The Shiekh's Bartered Bride

By: Lucy Monroe


“Miss Benning.”

She wasn’t Miss Benning. She was Catherine Marie, captive of the Hawk, a sheikh who still lived by the code of the desert, where only the strongest survived.

He was coming now. She could hear his deep, masculine voice as he spoke in a tongue she did not understand to someone outside her tent. She struggled against he cords that bound her hands, but it was useless. The silk scarves were soft, but strong and she could not get her hands free.

If she did, what would she do? Run?


She was in the middle of the desert. The sun beat against the tent, heating up the cavernous interior. She wouldn’t last a day in the vast wasteland on her own.

Then he was there, standing in the entrance to the room in which she was held. His features were cast in shadow. All she could see was his big body encased in the white pants and tunic typical of his people. A black robe, his abaya, fell from his massive shoulders to mid-calf and his head was covered with the red and white smagh that denoted his position as sheikh. The headband holding it in place was made of twisted black leather.

He was less than fifteen feet away, but still his face was hidden from her by the shadows. Only the strong line of his jaw denoting his arrogance was discernable.

“Miss Benning!”

Catherine Marie Benning’s head snapped up from where it had been resting against her fist and her eyes slowly focused on her surroundings. Tent walls hung with silks faded, to be replaced by cool gray cement, relieved only by the posters advertising the upcoming book drive and literacy event. They were the walls of the break room in the Whitehaven Public Library, much closer to a cold and wet Seattle, Washington than the blistering hot deserts of the Sahara.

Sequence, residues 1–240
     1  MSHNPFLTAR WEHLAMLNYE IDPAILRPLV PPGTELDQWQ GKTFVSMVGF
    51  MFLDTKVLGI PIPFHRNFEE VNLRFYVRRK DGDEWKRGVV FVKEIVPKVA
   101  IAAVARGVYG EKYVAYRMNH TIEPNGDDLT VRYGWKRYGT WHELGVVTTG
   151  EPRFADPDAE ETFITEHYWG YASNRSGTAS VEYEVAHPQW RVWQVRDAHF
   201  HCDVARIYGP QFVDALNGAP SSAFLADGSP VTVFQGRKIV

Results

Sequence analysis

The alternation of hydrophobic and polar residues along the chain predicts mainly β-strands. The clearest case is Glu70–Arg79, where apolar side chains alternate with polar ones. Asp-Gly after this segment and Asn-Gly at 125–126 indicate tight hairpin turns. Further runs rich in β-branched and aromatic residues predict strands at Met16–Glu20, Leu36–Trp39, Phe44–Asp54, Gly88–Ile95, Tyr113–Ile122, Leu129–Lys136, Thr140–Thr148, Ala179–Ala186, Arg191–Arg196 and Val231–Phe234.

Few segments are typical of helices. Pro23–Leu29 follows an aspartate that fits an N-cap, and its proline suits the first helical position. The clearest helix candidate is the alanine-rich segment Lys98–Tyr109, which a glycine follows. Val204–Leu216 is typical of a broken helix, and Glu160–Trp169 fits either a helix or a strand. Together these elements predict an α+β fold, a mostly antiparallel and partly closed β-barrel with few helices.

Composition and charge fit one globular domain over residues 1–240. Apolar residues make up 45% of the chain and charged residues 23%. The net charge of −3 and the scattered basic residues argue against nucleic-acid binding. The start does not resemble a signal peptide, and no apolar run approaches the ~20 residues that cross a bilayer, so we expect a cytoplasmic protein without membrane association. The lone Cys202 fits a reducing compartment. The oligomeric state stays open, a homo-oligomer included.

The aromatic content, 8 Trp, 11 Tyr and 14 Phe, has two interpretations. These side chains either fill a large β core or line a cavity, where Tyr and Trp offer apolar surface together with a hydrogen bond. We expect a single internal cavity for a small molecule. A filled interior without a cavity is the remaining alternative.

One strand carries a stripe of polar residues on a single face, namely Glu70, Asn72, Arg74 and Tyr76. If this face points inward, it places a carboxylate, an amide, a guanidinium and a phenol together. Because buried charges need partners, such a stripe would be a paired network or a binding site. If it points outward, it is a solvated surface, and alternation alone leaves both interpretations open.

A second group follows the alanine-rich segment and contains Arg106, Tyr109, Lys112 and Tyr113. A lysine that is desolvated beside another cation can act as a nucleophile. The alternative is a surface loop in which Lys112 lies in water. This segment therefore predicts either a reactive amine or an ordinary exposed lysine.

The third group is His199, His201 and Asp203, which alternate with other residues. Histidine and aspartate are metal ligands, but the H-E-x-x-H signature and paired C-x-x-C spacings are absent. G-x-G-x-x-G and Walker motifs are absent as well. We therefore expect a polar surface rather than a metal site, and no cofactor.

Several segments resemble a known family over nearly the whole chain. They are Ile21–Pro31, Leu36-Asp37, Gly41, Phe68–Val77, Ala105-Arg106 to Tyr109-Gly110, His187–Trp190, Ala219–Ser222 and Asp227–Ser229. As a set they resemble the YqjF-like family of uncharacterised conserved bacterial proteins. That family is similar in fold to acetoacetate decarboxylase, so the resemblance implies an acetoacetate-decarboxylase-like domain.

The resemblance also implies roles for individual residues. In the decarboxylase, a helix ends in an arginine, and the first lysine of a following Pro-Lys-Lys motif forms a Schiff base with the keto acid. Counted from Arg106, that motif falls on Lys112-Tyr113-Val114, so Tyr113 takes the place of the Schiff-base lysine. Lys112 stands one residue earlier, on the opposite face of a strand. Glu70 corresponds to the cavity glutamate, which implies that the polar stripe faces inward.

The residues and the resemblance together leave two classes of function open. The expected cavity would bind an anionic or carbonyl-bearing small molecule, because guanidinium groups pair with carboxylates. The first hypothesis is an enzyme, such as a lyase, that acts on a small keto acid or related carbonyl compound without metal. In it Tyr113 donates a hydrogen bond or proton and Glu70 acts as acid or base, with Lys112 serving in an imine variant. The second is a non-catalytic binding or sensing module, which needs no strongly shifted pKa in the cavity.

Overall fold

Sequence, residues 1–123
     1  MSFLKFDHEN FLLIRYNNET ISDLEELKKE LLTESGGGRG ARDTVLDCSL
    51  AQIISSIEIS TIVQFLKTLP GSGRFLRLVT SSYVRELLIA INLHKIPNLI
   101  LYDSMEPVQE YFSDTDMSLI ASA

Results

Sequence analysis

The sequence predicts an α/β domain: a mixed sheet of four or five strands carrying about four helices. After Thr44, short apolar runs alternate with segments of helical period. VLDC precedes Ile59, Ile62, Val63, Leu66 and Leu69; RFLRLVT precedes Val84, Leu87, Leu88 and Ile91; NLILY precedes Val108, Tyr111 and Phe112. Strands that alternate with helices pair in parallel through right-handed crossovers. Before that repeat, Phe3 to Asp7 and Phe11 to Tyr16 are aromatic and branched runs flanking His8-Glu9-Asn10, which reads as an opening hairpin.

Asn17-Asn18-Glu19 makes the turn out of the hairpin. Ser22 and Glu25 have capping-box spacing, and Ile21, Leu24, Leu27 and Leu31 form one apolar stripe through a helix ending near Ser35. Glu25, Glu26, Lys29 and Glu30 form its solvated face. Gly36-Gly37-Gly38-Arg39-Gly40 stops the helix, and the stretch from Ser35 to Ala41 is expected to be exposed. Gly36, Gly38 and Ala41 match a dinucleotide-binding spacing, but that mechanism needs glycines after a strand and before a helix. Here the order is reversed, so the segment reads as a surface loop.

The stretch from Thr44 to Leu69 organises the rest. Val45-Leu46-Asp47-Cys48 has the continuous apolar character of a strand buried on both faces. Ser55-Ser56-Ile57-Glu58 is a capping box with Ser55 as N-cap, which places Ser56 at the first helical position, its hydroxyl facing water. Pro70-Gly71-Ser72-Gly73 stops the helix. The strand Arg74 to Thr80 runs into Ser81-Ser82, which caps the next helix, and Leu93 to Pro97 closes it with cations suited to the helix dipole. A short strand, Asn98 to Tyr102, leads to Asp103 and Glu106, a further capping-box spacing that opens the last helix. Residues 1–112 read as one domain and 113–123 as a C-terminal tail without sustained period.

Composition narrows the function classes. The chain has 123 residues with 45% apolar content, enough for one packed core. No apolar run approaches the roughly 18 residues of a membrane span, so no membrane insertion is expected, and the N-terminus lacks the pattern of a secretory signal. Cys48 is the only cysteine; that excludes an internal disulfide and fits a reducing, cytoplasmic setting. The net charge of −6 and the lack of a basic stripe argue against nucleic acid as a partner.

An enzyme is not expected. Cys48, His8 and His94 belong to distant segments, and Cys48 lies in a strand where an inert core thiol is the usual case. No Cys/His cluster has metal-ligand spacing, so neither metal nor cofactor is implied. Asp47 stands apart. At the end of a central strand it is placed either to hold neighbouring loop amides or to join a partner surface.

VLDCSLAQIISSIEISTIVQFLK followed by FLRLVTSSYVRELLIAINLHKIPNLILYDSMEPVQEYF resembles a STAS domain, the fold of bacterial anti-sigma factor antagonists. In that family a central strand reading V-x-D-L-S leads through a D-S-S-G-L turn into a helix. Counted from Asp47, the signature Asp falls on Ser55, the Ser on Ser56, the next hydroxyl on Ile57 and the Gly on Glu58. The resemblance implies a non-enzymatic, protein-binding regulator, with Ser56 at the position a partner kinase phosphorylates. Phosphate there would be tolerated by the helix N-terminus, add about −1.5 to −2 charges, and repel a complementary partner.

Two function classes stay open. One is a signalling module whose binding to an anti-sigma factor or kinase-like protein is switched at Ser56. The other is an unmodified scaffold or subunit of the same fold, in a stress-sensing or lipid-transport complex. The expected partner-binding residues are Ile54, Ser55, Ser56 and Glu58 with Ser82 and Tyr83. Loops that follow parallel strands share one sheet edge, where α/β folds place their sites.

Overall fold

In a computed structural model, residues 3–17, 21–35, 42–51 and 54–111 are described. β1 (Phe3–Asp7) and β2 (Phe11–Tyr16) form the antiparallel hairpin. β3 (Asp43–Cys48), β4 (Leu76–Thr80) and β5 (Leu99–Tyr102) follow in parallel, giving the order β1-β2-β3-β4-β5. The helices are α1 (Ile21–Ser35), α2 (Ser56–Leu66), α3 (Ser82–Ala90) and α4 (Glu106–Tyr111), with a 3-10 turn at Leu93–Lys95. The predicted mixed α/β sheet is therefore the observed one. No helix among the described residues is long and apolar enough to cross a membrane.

Fluorescent light cast a harsh glow over the pointed features of the woman standing in front of her.

“Yes, Mrs. Camden?”

Straightening her double-knit polyester blazer, almost identical in color to the library’s walls, Catherine’s superior sniffed. “Your head was off in the clouds again, Miss Benning.”

The disapproval in the older woman’s voice grated against Catherine’s usually limitless patience. Perhaps if the man in her fantasies would ever show his face, she wouldn’t be feeling so frustrated, but he did not. This time had been no different. The Hawk was as elusive to her imagination as he was in it.

“I’m still on break,” she reminded the older woman.

“Yes, well, we all do what we must.”

Recognizing the beginnings of a familiar lecture, Catherine stifled a sigh at the knowledge her lunch break was to be cut short. Again.

Hakim bin Omar al Kadar walked into the library and scanned the reference area for sight of Catherine Marie Benning. Her picture was indelibly printed on his mind. His future wife. While arranged marriages were not uncommon in the royal family of Jawhar, his was unique.

Catherine Marie Benning was unaware that she was to become his wife. Her father wanted it that way.

One of the stipulations of the deal between Hakim’s uncle and Harold Benning was that Hakim convince Catherine to become his wife without telling her about the arrangement between her father and the King of Jawhar. Hakim had not asked why. Having been educated in the West, Hakim knew that American women did not view arranged marriages with the same equanimity the women of his family did.

He would have to court Catherine, but that would be no hardship. Even in an arranged marriage, a royal prince of Jawhar was expected to court his intended bride. This marriage would be no different. He would give her a month.

Ten weeks ago, his uncle had been apprised by Harold Benning of the probable deposits of a rare mineral in the mountains of Jawhar. The American had suggested a partnership between Benning Excavations and the royal family of Jawhar.

The two men had still been negotiating terms when Hakim had been attacked while out riding in the desert in the early hours of the morning. Investigation had revealed that the assassination attempt had been made by the same group of dissidents responsible for his parents’ deaths twenty years before.

Hakim was unclear how marriage for Catherine had become part of the deal. He knew only that his uncle considered it convenient. Should the need for long-term living visas arise for the royal family, Hakim would be in a position to sponsor them as the spouse of an American. There would be no need to go through regular diplomatic channels, thus preserving the privacy and pride of his family.

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